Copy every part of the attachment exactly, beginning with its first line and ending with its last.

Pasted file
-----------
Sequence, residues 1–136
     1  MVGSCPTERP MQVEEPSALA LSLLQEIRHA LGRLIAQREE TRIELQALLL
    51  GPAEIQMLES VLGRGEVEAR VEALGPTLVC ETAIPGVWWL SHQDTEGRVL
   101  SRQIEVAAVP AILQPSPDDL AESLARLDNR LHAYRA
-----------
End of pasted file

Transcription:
Sequence, residues 1–136
     1  MVGSCPTERP MQVEEPSALA LSLLQEIRHA LGRLIAQREE TRIELQALLL
    51  GPAEIQMLES VLGRGEVEAR VEALGPTLVC ETAIPGVWWL SHQDTEGRVL
   101  SRQIEVAAVP AILQPSPDDL AESLARLDNR LHAYRA